Going to School to Run a School
by: Rod Rice, June 29, 2009 3:06:00 am
It's the Houston A+ Challenge Principal Leadership Academy. Acceptance is based on competence and competition. Lawrence Kohn, a former principal is a consulting coach for Houston A+. He's also an associate professor at Sam Houston State University. Kohn says about 250 people applied this year and then through essays and interviews the number was reduced for a final selection week-end.
"We put about 60 people really through the wringer, with all these activities, they're being evaluated by a team all the time and you end-up with 19 or 20 potential really dynamic leaders."
Following a six week summer session each will spend a school year following a mentor principal and regularly meeting with a consulting coach like Lawrence Kohn.
"Consulting coaches visit a minimum of two times a month with the mentor principal on the campus and the intern to push forward their learning and their experiences and to coach them through dilemmas and to make suggestions, it's just being a good mentor."
It's that year of shadowing a school principal that made the competitive process worth it for Craig Stowers a teacher at Humble High School.
"You are there at 6:30 when the principal meetings are and you are there until 10 o'clock after the football game is over. You are, where ever that principal is you are so, it's a full time intensive mentorship."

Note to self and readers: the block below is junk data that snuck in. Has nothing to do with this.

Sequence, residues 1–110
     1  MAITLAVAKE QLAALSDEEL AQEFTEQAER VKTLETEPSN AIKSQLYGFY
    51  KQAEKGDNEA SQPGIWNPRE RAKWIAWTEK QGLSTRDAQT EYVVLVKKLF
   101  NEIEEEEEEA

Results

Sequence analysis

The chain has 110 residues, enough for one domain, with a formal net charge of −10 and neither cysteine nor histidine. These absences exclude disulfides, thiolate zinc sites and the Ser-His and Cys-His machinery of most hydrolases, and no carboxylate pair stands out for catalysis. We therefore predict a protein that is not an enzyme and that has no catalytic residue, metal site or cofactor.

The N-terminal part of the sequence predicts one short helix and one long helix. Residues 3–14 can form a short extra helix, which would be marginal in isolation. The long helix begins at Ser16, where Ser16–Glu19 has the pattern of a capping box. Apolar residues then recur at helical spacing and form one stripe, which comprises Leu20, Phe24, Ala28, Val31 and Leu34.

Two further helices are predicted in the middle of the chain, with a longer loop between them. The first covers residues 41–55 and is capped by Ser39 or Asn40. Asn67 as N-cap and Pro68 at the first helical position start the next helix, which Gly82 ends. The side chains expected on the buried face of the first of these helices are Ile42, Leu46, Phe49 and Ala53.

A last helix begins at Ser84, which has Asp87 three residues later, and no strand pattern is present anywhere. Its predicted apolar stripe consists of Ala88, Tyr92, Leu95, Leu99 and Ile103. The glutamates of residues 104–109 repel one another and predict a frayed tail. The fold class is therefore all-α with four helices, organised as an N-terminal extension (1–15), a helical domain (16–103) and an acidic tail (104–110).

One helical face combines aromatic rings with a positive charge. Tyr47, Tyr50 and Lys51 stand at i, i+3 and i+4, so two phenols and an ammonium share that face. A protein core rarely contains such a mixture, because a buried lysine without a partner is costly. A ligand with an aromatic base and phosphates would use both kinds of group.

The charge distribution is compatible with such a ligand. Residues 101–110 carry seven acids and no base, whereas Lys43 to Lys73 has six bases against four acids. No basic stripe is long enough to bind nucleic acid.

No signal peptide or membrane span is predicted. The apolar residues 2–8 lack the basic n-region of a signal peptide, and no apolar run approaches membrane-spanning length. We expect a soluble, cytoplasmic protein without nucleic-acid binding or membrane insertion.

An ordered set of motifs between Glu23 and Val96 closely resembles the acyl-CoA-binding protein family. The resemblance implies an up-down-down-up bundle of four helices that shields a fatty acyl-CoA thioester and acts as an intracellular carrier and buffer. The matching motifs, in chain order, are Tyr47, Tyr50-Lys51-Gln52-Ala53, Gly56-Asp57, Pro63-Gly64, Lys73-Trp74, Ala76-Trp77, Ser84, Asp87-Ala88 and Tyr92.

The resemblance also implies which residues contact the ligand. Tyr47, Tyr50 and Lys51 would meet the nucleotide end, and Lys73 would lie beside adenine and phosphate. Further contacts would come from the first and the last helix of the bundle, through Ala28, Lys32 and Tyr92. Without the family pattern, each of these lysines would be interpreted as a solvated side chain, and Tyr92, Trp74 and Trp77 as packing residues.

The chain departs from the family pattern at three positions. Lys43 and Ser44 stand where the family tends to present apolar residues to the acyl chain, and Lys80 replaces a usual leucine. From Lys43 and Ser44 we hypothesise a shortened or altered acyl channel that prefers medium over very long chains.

Natalie Hernandez is one of the select 19 this year even though she has been an Assistant Principal with HISD and already has the state assessment.
"I do not have to do this but I'm choosing to do this for reflective reasons, for professional growth reasons and really at the core for personal reasons."
The role of the principal has evolved over the years from the person who was basically the manager of the school to a far more complex and important position requiring more than just managerial skills.
"What is it that makes a good principal?"
"It has a lot to do with building good relationships, being a good communicator, having a lot of passion and being a good instructional leader, understanding how to use data and translate it so people can use it, there are just dozens of roles that principals serve."
And that says Lawrence Kohn is why the mentorships are so very important.
"At some point the aspiration for them is that they will become principals in high need schools in the area because we recognize that without good leadership, urban schools in particular are at great risk of failure."
The Houston A+ Challenge Regional Principal Leadership Academy continues involvement with its fellows for at least two years after they taken positions of leadership in area schools.